If my initial post is successful, I’ll say “thank you for your support” with another post. Sometimes it takes multiple posts, but don’t overdo it. I will usually do a second post a few days before the fundraiser ends for a final push.
Unusual and Creative Fundraising for Twins
Create your own raffle and sell tickets. When my daughter was in competition dance, a fellow dance mom used to do this every fall to pay for her daughter’s comp fees. It was genius! She would reach out to local breweries, wineries, and distilleries to get donations, plus family members would pitch in a bottle here and there.
Once she had a good collection, she would put it in a basket, take a picture and upload it to her Facebook page. Raffle tickets were $5 each or 5 for $20. I don’t know how much she actually made off of this raffle, but I do know her she covered her daughter’s dance fees
The key to a successful raffle is finding something worth bidding on. So ask yourself, is this something a lot of people like and would be willing to bid on?
A 50-50 raffle is a great option for funding participation fees. Sometimes we twin moms need some assistance when trying to cover the $600.00 sports fee ($300 when you have one child participating). Most sports don’t offer a BOGO when it comes to twins (or more).
A 50-50 raffle simply involves the sale of raffle tickets with the proceeds being split evenly between the winner and your organization. It is one of the simplest and easiest fundraisers you can do. All you need is one or more ticket sellers. Raffle tickets normally sell for $1 each. Using a price incentive ( 3 for $2 or 5 for $4) for multiple tickets can increase your total sales and build a larger ‘pot’.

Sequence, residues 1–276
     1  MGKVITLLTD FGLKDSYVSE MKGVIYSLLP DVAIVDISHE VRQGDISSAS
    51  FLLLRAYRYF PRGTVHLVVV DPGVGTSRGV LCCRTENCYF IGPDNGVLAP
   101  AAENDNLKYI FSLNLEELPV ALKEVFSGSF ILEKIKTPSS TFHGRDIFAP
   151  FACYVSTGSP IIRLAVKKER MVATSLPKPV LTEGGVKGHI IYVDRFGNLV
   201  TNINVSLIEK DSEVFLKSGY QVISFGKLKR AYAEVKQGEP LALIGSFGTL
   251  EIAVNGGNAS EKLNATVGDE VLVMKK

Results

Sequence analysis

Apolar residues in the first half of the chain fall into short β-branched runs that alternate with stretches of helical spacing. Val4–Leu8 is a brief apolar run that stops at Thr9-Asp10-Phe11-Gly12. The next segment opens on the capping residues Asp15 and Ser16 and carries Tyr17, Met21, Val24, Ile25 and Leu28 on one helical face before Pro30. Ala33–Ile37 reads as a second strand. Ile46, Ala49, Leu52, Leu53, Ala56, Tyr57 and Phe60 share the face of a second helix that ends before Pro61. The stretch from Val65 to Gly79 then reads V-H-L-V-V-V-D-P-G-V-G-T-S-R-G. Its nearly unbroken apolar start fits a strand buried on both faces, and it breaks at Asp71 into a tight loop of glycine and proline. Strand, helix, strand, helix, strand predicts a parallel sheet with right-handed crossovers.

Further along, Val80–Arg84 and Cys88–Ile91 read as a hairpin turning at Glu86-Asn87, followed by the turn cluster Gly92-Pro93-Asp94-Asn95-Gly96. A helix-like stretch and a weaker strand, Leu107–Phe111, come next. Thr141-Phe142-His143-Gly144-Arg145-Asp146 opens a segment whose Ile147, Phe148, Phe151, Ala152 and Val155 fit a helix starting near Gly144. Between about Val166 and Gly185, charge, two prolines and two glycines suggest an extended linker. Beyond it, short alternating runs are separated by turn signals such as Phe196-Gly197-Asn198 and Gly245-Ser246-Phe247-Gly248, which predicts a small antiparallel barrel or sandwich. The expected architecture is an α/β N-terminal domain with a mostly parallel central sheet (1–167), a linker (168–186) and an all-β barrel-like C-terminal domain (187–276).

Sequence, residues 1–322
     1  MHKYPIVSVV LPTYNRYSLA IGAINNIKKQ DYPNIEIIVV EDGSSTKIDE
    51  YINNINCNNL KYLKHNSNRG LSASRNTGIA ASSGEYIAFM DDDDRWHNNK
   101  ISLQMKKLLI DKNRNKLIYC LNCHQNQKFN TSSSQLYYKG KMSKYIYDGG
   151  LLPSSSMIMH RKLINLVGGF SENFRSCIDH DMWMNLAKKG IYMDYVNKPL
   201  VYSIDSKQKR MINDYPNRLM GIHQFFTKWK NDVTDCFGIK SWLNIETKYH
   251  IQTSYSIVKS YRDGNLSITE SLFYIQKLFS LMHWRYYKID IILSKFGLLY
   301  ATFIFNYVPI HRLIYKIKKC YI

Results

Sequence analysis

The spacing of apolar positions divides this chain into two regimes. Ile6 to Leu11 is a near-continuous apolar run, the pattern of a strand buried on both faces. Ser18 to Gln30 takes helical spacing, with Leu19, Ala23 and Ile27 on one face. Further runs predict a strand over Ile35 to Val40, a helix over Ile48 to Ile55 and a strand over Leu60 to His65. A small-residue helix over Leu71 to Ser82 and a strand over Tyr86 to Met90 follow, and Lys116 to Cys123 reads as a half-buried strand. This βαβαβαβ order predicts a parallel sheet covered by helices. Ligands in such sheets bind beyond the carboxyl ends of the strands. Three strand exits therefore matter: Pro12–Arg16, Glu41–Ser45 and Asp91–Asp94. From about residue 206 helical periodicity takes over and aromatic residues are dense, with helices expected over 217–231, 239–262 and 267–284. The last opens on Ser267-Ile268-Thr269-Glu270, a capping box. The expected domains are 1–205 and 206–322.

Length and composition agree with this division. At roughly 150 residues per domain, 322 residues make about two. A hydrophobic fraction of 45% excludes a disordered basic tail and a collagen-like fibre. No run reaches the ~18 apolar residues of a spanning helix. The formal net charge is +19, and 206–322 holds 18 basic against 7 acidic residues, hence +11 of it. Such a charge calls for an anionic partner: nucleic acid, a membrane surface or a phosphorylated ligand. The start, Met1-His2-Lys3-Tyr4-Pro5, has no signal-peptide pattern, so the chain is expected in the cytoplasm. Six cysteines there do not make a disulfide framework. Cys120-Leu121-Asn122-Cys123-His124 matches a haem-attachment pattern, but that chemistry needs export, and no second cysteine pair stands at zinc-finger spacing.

People are always happy with a chance to win a cash prize. It’s usually easy to get people to spend a little bit of money, just a buck or a few bucks when they have a chance to win quite a bit more. The best part, you don’t have to prepare an item for auction!
Another great idea when fundraising for twins is his fundraiser an Opt-out fundraiser. This kind of fundraiser was made for every busy mom. This is your chance to just write the check and be left alone for the rest of the year.
An Opt-out fundraiser is donation based, but with a twist! By giving a donation, you will not be asked to participate in another fundraiser for the rest of the year!
Here’s an Example:
This fundraiser was done by an Alabama high school. A letter was sent home to parents, explaining that fundraisers would be run a little differently this year. Parents were given three “opt-out” options for the new school year:
- I love this school and am happy to help, so here’s $15.
- I am so busy (or lazy) and wouldn’t have responded to any phone calls, emails, or sign-up lists all year. Please enjoy my $25 donation.
- Here’s $50 or more to forget my name and my face, and not ask for anything else all year!
If my kids brought a flyer like this home from school, I would be delighted! And, honestly, my response would probably change from year to year!
You can easily adapt this into a personal fundraiser. The best part, 100% of the donations go right to the cause!
Fundraising for twins is hard. I feel terrible asking people close to me to buy overpriced stuff as a “favor” for my kid. I need to save my favors up for when I really need them. Next time the kids come home with the box of candy bars to sell, skip paying for the whole box yourself and try one of these fundraising methods!